Located 25 minutes east of Brandon on Canadian Forces Base Shilo, the Shilo Community Library serves a unique mix of military members and families, youth who attend the local elementary school, preschoolers from the Military Family Resource Centre, as well as civilians from the surrounding area.
First time visitors are usually surprised by the size of the library’s collection as well as its wide range of subjects. If what patrons are after isn’t available at the Shilo Community Library, it is connected to a robust inter-library loan network that is regularly used to source materials from across the province in only a few days; given the remote location of the Shilo community, this is an invaluable service to its members. As part of this network, the Shilo library also lends its materials to other libraries on behalf of patrons across Manitoba. With this in mind, one can say that the Shilo Community Library provides its services both locally and provincially.
Another core service provided by the Shilo Community Library is working closely with a variety of programs on the base to promote literacy among young readers. Grade 7/8 students from O’Kelly School, for example, attend the library on a regular basis to source materials for their book reports as well as pleasure reading. Groups from the local daycare also attend the library to hear stories read by the librarians. The library also lends their space to a program where parents read to their children as a way of encouraging the practice, which is critical in building foundational literacy skills.
Those who browse the library will likely notice featured items that foster a sense of inclusivity and which bring attention to the social issues of our times; highlighting works that shed light on Indigenous culture as a path to Reconciliation, materials that include LGBTQ+ themes, or ones that highlight the achievements of racialized groups are just some examples. The library has also implemented accessible labelling for patrons to easily identify books that touch on such social themes. Local interest is also a staple theme of the library and ranges from local municipal topics to province-wide ones. More creative themes include “dead authors whose work lives on,” which showcases posthumously published works.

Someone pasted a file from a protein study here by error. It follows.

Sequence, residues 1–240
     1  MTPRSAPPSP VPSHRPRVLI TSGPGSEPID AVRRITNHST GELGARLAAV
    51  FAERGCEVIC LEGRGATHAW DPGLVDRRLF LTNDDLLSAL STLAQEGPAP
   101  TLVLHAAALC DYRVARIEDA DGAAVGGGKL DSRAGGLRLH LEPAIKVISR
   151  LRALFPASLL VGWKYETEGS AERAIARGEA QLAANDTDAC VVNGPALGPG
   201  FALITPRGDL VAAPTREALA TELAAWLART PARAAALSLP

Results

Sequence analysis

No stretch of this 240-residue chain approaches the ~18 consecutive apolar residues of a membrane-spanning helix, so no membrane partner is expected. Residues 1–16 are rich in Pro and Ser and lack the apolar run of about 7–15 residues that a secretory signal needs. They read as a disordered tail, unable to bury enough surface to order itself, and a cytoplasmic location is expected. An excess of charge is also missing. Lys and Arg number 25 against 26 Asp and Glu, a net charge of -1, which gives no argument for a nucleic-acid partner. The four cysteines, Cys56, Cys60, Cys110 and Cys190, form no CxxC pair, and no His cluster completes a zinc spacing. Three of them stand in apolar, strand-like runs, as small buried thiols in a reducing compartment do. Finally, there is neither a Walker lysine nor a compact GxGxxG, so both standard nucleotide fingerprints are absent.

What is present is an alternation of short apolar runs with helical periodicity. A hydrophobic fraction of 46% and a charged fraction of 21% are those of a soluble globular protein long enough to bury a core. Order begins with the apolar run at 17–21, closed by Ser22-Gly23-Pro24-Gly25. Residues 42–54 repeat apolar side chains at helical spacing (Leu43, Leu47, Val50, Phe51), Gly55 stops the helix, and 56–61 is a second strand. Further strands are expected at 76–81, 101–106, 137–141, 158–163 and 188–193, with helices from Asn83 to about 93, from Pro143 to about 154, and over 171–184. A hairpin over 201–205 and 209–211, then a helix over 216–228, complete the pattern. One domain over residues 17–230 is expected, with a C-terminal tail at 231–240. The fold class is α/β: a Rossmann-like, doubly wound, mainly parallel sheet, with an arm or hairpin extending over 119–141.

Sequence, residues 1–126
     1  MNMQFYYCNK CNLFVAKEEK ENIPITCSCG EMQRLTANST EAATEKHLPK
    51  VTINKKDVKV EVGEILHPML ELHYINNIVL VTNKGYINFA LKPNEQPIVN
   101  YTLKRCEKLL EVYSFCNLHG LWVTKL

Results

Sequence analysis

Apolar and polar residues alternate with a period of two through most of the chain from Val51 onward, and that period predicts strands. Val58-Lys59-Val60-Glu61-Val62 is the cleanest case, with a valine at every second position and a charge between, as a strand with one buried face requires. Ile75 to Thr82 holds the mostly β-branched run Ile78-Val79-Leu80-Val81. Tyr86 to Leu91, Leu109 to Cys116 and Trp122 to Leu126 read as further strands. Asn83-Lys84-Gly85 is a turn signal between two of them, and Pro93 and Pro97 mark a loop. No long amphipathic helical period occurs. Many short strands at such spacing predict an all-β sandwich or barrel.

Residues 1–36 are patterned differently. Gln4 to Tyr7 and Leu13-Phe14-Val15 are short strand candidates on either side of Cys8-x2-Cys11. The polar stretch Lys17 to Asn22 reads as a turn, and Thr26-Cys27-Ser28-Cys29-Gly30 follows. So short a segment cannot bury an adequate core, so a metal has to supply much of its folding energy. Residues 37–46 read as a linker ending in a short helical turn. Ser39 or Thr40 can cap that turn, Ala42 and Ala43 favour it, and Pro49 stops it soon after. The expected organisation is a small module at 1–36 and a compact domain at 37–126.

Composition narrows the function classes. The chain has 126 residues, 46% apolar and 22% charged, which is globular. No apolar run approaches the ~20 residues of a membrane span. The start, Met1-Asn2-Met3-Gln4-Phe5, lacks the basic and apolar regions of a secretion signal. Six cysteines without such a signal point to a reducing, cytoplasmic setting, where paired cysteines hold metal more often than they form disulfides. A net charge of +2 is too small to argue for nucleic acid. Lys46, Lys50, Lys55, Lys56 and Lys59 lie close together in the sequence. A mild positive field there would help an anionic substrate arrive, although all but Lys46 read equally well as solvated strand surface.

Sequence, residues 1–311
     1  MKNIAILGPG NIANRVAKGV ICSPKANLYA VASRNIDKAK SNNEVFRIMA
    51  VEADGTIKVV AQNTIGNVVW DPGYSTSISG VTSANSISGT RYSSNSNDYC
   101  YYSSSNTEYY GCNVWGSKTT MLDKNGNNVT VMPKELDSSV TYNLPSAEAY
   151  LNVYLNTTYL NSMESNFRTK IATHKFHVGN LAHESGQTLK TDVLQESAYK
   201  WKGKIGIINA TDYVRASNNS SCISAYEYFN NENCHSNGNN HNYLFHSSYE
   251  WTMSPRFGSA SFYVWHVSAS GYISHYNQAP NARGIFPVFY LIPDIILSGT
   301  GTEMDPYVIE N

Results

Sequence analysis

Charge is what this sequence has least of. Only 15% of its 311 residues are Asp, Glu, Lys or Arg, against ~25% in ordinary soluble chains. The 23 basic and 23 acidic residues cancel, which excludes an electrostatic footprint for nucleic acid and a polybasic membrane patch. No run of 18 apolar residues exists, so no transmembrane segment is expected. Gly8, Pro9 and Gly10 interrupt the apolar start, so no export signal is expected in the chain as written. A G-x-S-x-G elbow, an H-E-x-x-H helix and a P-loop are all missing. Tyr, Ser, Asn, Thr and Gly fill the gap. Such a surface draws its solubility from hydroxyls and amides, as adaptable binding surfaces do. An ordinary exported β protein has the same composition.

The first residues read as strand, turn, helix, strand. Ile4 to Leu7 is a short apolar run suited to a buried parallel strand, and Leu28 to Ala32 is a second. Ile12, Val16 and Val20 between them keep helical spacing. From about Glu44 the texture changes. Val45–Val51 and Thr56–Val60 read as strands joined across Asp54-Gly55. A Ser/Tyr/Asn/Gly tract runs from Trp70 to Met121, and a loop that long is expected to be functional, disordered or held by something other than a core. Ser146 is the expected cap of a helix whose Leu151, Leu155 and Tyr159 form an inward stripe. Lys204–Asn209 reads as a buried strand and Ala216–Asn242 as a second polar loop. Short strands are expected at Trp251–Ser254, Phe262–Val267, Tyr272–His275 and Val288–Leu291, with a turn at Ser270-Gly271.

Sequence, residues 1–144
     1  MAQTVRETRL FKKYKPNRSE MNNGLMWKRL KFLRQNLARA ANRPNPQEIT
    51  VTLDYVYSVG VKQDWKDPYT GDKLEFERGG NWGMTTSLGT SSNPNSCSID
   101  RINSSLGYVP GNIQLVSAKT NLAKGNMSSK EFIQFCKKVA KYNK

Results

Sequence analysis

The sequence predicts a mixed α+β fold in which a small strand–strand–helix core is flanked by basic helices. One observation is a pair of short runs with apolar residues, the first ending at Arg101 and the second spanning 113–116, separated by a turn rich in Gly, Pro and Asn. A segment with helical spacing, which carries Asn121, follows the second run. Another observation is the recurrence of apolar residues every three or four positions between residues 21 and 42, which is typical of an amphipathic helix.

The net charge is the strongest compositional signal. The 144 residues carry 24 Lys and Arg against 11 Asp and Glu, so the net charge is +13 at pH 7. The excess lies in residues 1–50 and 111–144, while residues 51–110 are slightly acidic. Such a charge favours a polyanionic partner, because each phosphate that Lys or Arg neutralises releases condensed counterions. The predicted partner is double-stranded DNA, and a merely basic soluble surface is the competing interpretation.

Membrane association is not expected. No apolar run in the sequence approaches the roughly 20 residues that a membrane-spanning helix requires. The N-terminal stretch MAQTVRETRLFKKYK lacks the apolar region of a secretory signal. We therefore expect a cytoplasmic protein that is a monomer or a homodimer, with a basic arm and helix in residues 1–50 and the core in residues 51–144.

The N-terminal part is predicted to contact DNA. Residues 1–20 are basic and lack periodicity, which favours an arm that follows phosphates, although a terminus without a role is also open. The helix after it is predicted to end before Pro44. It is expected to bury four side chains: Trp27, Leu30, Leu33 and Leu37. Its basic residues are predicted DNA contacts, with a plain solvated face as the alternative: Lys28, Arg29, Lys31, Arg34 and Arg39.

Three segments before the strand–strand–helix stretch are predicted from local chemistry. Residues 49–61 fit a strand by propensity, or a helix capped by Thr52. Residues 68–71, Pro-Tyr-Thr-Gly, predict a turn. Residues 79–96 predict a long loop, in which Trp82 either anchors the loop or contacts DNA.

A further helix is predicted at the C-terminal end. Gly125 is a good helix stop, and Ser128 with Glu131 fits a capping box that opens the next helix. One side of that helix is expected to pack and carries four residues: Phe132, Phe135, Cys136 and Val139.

As a space, the library is used for a variety of purposes beyond reading and borrowing books. Some examples include working professionals conducting meetings, student tutoring sessions, or simply a place to seek refuge from the heat and socialize during the summer months. Patrons are also invited to work on communal puzzles that are on display and have the opportunity to borrow one to work on at home if they so desire.
Whether it’s a new genre or a more advanced read, patrons of all ages are encouraged to seek out new literary experiences at the Shilo Community Library. If serving the needs of adult readers both locally and provincially is the mind of this library, then promoting literacy amongst youth would be its heart, which is reflected in the wall art of the library. There is also a section dedicated to books written by some of the library’s youth patrons, which serves as both encouragement for the author and inspiration for future ones.
The MLA would like to extend a special thank you to Patricia Wells (Head Librarian) and Emilee DeSommer-Dennis (Assistant Librarian) for providing a glimpse into the Shilo Community Library’s world and the positive impact they’re making on the Shilo and surrounding community.
Article and Photographs by Rustam Dow, MLA Communications Committee Member